Monday, January 30, 2006
Dr. Schlesinger's remarks drew from his article in the Winter 2005/06 issue of The National Interest, again a warning about the forthcoming "liquids crisis" in energy as petroleum stocks run down, and that the longer we wait to do something about it, the harder the crunch will be.
I was intrigued by the Senator's remarks. Those who are familiar with his positions know he supports drilling in ANWR, developing natural gas sources in the Gulf of Mexico, and building more nuclear plants to generate electrical power. People disagree vehemently over these courses of action, but I thought that he made a critical point: our standard of living depends upon (and is linked inextricably to) access to energy. We cannot sustain our lifestyle in the absence of energy supplies.
This means thinking about tradeoffs. He noted that some are calling for boycotting Iran as a means of pressuring them on their nuclear program. Well and good. This deprives the market of 1 million barrels of oil per day. ANWR could supply that. Or we should be prepared to pay at least $20 per barrel more. Or we have to be prepared to make changes in our lifestyle (for example, shifting to more mass transit).
What I thought was useful is that he dispensed with the fantasy land so many of us cling to: that we can have cheap energy, no changes in lifestyle, no environmental impacts and wield pressure against oil producing nations with no ill effects. Energy policy is not independent of or somehow separate either from foreign poicy or domestic policy--and we need to have the same setting of priorities that enables us to make choices.
Iran currently has net exports around 2.6 million bbl/d, out of total production of around 4.2 million bbl/d. (But on a gross basis, it exports more crude than that, and imports a substantial amount of petroleum products.)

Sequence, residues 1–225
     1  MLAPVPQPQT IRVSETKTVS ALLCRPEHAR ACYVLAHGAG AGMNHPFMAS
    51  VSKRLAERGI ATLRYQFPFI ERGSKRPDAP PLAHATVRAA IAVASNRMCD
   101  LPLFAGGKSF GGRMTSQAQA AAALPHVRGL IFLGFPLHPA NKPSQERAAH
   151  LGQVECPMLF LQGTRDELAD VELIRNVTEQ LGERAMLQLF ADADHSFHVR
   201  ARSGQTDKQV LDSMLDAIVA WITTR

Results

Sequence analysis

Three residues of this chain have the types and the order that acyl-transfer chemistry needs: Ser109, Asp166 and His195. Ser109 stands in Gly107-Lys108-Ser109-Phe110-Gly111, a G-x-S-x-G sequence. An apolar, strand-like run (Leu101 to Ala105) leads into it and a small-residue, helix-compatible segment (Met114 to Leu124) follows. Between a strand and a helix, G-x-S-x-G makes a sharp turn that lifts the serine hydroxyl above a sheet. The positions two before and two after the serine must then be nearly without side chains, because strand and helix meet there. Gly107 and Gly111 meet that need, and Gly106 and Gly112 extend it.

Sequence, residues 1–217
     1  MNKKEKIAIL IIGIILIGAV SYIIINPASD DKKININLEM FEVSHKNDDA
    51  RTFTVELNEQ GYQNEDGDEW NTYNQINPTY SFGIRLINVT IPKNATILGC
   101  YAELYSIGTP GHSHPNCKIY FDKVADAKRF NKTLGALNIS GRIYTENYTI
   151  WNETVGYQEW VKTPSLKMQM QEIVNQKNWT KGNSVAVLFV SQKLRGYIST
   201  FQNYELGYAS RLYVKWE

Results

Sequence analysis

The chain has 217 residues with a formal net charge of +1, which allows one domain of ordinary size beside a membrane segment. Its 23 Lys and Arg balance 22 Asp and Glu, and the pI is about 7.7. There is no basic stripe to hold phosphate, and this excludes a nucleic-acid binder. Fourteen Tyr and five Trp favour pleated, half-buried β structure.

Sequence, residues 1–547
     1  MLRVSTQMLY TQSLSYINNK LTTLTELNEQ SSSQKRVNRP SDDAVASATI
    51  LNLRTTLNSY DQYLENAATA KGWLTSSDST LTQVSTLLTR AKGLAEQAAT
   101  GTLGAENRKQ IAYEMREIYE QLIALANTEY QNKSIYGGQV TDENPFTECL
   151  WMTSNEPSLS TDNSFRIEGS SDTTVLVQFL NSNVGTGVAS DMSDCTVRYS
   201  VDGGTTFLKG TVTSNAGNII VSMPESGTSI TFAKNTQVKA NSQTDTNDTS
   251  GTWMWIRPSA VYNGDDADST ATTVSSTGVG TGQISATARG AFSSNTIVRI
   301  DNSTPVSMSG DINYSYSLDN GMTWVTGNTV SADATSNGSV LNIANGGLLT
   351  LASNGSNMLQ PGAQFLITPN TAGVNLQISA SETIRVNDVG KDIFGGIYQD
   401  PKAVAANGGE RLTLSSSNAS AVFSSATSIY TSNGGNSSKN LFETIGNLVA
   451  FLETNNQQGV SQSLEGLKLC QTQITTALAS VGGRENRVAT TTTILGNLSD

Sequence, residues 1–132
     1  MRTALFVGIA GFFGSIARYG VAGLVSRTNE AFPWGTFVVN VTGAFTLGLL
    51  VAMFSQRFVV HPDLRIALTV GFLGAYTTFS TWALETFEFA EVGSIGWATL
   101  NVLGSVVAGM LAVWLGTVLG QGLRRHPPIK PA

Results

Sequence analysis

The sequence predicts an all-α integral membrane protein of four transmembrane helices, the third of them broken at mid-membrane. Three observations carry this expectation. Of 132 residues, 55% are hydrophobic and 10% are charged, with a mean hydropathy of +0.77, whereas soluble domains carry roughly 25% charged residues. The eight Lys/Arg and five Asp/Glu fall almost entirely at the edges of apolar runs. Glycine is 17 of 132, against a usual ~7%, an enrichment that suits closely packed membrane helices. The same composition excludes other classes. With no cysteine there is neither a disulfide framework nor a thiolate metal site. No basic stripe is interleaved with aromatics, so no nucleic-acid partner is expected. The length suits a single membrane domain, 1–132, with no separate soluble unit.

So anyway, the two aren't really comparable in terms of volume. But I definitely agree with the points James Schlesinger made in the TNI article about a coming paeriod of scarcity, and the idea that this will impose constraints on U.S. policy, and force us to make tradeoffs.
The figure I cited of five months was too low but if I understand it the estimate Holdren gives for ANWR is 0.6 to 2 years US consumption, or 1-4 years current imports, or ten percent of projected imports from 2010 to 2020.
That's a lot of oil but it would still seem to me more useful as a backup strategic petroleum reserve than as a source for current consumption. However, we do need to be thinking more seriously about how to reduce our dependence on imported oil.
But anyway, the broader point I would make is that, even if U.S. production were 1 million bbl/d higher, that still wouldn't fundamentally change the structure of the world oil market, or give the U.S. more influence over prices. A significant disruption of supplies from the Persian Gulf would still have major consequences for the U.S. economy.
Freedom on the march indeed.
moved to a more techie hosting company. This one is a bit too DIY for me — I’m a novice
server admin — and the support seems dodgy (although the user forums are nice an